Combine the precarious place that marketing occupies in most businesses with the endemic lack of training in our profession, then shake it all to the bottom with over-the-top predictions of change and revolution, and you have the perfect recipe for the syndrome of the impostor among too many marketers.
So how do you defend yourself as a marketer? The literature on impostor syndrome is helpful, and psychologists recommend a number of techniques for managing the condition.
First, recognize that you are not alone. Especially in marketing. If I had to put a number on it, I would estimate that 30-40% of marketers have struggled with impostor syndrome in their roles. This enormity has double value. First of all, it shows that your feelings are very common. It’s not just you. Second, it also suggests that there are plenty of other marketers you can talk to about your experiences with who will know exactly what you’re going through. Admitting to feeling like an impostor might be the easiest way to dispel much of his negativity. Especially when someone you know confirms having had exactly the same feelings.
It’s at this point that I probably need to share a story about my own feelings of inadequacy and inferiority in a marketing situation. Alas, I must be honest and confess that I have never experienced anything like this. I’m too much of an asshole. But the reasons for my absence of impostor syndrome might also help you.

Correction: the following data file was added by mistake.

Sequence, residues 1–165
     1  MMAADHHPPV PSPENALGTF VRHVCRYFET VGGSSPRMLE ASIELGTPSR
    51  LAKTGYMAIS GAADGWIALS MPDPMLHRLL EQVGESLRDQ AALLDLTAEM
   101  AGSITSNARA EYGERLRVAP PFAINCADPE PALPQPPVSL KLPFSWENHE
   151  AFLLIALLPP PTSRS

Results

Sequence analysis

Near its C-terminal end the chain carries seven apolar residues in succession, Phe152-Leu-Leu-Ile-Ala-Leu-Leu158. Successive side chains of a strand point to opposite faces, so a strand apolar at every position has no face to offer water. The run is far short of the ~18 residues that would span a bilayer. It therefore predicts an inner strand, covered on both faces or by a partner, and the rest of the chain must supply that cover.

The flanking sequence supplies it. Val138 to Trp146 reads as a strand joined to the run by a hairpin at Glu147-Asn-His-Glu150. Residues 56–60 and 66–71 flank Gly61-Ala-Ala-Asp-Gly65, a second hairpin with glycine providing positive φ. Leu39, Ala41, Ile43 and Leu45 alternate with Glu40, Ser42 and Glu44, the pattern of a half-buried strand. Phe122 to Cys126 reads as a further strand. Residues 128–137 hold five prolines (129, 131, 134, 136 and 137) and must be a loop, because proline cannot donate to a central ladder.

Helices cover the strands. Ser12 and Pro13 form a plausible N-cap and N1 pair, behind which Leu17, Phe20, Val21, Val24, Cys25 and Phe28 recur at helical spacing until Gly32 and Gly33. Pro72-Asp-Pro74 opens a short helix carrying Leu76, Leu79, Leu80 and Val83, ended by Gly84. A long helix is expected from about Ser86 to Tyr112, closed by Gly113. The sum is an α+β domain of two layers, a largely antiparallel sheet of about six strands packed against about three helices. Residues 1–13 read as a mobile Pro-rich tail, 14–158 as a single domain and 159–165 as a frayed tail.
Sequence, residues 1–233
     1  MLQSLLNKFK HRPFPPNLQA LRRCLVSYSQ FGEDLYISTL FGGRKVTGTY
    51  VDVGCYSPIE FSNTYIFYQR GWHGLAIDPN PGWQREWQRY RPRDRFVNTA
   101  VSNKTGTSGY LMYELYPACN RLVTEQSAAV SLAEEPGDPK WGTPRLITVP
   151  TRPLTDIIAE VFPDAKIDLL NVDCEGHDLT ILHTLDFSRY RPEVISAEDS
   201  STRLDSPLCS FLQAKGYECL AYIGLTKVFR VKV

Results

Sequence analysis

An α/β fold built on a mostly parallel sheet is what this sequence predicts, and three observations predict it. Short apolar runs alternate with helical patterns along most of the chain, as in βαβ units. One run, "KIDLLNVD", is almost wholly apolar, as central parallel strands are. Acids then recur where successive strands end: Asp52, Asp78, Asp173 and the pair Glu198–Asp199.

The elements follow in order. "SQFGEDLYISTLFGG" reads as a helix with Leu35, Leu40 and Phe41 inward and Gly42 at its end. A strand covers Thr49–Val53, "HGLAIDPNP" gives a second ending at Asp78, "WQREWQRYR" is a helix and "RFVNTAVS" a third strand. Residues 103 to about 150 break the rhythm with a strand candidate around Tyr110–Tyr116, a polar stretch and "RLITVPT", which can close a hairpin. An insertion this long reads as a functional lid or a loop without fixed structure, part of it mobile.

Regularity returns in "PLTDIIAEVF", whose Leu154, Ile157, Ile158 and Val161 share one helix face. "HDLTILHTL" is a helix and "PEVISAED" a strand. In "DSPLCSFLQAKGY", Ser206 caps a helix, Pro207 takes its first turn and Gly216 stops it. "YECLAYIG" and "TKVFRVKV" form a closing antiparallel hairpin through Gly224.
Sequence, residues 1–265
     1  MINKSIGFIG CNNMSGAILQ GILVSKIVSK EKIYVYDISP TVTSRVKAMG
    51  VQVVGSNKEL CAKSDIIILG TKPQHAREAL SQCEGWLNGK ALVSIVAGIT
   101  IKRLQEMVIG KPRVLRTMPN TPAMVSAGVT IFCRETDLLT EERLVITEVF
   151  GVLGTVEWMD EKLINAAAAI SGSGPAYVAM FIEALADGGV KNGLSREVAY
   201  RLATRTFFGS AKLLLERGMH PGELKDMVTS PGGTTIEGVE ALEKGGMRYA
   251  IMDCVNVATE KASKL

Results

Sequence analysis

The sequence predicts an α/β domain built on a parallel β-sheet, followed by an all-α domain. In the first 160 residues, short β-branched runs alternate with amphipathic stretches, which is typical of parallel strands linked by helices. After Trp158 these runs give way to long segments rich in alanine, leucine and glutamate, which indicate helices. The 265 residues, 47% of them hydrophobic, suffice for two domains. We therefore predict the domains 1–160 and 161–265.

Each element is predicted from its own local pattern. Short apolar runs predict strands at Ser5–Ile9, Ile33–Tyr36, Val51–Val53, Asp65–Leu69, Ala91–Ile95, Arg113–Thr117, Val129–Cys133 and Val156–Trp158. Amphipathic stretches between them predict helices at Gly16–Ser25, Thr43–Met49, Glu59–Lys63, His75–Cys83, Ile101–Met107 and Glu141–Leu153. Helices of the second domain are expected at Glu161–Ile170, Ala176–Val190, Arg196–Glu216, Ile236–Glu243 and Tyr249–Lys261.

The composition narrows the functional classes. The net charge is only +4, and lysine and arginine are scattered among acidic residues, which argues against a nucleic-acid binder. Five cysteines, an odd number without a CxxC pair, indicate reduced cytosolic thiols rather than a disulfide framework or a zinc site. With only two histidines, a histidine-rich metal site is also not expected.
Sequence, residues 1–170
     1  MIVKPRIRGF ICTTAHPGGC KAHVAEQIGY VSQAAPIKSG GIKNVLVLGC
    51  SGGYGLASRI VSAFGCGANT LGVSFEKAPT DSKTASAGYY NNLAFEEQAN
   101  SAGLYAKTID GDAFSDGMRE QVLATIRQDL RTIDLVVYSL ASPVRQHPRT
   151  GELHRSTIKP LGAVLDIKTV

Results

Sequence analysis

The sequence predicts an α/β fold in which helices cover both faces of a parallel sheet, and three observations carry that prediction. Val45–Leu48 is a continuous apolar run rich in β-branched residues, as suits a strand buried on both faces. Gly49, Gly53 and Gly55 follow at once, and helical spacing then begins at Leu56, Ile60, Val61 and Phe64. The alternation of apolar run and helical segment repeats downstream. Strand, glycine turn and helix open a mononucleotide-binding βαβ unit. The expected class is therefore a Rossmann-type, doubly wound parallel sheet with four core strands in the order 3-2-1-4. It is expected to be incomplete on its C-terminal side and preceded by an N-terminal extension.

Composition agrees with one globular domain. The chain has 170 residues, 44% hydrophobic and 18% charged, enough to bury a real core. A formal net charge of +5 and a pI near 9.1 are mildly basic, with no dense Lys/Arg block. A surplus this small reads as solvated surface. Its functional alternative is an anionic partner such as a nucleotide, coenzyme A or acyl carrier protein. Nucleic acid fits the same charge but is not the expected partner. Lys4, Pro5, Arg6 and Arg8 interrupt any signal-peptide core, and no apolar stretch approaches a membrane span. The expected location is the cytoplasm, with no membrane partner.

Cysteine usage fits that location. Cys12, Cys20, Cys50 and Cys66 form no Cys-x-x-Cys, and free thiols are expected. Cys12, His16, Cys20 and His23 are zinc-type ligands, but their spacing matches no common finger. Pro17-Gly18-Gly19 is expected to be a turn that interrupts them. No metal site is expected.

I really don’t have an inflated sense of self-worth and ability when it comes to marketing. But what I do have is a very clear insight into the deplorable and shitty state of marketing in many companies. Many of you who are currently struggling with impostor syndrome are working on the assumption that marketing elsewhere is done by extraordinarily talented people. Believe me, nothing could be further from the truth.
2022 Salary Survey: marketing asserts its strategic power